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Jesse Bloom
Affiliate Assistant Professor in Microbiology
Assitant Member, Fred Hutchinson Cancer Research Center

Email: jbloom@fhcrc.org
Phone: (206) 667-3622, (206) 667-3603
Office Location: Fred Hutchinson Cancer Research Center







Rapid evolution is a defining feature of many of the most medically problematic viral diseases, including influenza. Although this rapid evolution is usually bad from the perspective of public health, it offers a unique vantage from which to study a range of important questions in biology. For instance, consider the figure below, which summarizes the evolution of the human and swine descendants of the 1918 influenza pandemic. It took less than 90 years for these two viral lineages to become as different at the protein level as humans and pigs themselves and the full sequences of many of the evolutionary intermediates are known. Furthermore, this is just one example of the many viral evolutionary histories that can be reconstructed in remarkable detail.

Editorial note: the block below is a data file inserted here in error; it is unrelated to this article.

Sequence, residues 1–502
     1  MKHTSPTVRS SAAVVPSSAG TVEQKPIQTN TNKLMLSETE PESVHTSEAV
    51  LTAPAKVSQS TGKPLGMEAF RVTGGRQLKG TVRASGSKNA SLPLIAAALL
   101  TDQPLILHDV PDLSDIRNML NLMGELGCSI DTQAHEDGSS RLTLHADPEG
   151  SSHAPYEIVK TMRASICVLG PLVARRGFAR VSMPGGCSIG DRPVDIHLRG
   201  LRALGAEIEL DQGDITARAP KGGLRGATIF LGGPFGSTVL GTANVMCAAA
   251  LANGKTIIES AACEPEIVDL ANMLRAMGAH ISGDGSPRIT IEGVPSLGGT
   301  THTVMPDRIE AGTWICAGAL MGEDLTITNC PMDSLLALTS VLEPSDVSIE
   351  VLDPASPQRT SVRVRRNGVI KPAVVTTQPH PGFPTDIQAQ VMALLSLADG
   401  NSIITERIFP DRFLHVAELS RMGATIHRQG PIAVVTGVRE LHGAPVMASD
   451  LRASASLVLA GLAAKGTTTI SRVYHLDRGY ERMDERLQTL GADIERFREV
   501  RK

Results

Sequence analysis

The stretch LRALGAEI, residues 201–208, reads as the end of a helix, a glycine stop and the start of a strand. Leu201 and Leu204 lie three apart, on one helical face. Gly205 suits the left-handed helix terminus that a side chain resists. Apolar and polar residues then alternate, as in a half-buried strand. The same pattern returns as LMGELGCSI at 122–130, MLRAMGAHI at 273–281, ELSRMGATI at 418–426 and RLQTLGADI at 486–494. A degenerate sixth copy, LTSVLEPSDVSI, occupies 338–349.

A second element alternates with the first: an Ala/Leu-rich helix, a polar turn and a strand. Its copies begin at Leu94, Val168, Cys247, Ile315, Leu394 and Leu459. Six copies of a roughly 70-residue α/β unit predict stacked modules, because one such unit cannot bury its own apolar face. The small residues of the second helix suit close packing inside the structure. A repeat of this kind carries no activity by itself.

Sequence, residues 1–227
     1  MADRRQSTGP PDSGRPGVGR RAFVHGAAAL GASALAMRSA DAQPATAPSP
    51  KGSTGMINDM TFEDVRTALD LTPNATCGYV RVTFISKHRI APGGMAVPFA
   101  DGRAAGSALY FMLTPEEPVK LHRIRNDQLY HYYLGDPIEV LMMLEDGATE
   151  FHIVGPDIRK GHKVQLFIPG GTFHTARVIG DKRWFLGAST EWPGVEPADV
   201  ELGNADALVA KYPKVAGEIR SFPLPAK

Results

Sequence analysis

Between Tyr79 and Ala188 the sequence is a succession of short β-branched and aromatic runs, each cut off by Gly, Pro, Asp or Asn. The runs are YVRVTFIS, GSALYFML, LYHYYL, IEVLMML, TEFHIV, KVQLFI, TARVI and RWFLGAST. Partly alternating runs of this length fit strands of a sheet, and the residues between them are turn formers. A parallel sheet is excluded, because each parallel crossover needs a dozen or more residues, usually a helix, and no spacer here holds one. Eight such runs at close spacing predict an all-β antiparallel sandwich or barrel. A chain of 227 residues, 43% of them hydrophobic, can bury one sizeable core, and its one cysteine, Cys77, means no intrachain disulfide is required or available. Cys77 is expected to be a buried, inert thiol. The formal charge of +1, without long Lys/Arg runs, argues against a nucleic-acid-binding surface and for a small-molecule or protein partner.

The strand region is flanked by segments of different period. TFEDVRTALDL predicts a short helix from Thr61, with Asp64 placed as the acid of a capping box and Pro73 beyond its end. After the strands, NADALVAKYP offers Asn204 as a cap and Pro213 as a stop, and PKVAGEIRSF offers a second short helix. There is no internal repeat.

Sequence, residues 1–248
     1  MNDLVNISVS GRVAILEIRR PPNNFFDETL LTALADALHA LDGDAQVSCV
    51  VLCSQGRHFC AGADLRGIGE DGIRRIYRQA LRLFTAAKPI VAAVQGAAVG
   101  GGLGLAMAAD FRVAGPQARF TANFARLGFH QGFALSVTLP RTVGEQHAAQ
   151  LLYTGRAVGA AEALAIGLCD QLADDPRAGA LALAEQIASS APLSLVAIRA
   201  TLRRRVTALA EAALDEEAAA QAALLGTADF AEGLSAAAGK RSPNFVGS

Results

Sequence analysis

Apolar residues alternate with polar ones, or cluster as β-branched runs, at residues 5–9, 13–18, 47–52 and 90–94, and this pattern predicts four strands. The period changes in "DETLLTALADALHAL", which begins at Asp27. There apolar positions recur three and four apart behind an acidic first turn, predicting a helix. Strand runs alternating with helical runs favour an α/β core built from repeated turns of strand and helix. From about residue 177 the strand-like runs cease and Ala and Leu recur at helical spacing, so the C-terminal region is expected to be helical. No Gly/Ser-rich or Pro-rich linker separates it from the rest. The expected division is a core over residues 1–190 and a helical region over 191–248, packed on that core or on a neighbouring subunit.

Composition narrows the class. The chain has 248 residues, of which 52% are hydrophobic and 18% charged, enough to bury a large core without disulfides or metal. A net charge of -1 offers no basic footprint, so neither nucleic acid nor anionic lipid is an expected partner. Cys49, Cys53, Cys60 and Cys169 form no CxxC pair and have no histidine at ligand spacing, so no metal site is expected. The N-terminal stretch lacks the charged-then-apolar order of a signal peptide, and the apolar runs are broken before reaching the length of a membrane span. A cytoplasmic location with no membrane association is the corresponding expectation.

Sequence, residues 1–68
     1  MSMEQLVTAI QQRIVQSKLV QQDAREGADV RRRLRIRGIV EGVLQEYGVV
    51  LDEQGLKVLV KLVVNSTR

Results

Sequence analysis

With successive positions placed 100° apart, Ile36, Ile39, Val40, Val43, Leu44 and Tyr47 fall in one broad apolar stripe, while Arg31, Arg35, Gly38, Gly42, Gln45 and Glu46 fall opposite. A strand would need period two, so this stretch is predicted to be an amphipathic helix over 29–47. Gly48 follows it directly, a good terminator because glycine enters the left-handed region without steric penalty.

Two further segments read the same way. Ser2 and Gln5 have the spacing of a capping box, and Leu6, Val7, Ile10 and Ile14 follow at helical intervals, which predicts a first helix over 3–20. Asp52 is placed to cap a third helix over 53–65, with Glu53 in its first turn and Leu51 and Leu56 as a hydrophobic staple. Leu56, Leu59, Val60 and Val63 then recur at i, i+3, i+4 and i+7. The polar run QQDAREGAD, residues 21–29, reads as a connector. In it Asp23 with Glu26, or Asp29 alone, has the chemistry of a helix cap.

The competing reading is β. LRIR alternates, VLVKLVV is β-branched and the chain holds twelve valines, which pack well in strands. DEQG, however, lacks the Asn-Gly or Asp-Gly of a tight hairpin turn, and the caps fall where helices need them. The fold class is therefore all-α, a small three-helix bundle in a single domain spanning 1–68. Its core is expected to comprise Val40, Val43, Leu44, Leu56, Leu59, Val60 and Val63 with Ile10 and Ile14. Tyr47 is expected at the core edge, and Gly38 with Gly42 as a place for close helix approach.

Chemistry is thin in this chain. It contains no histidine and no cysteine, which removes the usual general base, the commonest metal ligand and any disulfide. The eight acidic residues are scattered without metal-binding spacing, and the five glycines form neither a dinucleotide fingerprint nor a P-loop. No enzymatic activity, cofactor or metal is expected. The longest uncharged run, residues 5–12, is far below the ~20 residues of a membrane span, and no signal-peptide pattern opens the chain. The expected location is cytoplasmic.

Selected Publications:

Jesse D. Bloom, L. Ian Gong, and David Baltimore. "Permissive secondary mutations enable the evolution of influenza oseltamivir resistance." Science. 5983:1272-1275 (2010)

Jesse D. Bloom, Sy T. Labthavikul, Christopher R. Otey, and Frances H. Arnold. "Protein stability promotes evolvability." Proc. Natl. Acad. Sci. USA. 103:5869-5874 (2006)

Jesse D. Bloom and Matthew J. Glassman. "Inferring stabilizing mutations from protein phylogenies: application to influenza hemagglutinin." PLoS Comput. Biol. 5:e1000349 (2009)

Jesse D. Bloom, Alpan Raval, and Claus O. Wilke. "Thermodynamics of neutral protein evolution." Genetics. 175:255-266 (2007)





Department of Microbiology · University of Washington · Box 357735 · Seattle WA 98195-7735

phone: (206) 543-5824 · fax: (206) 543-8297 · micro@u.washington.edu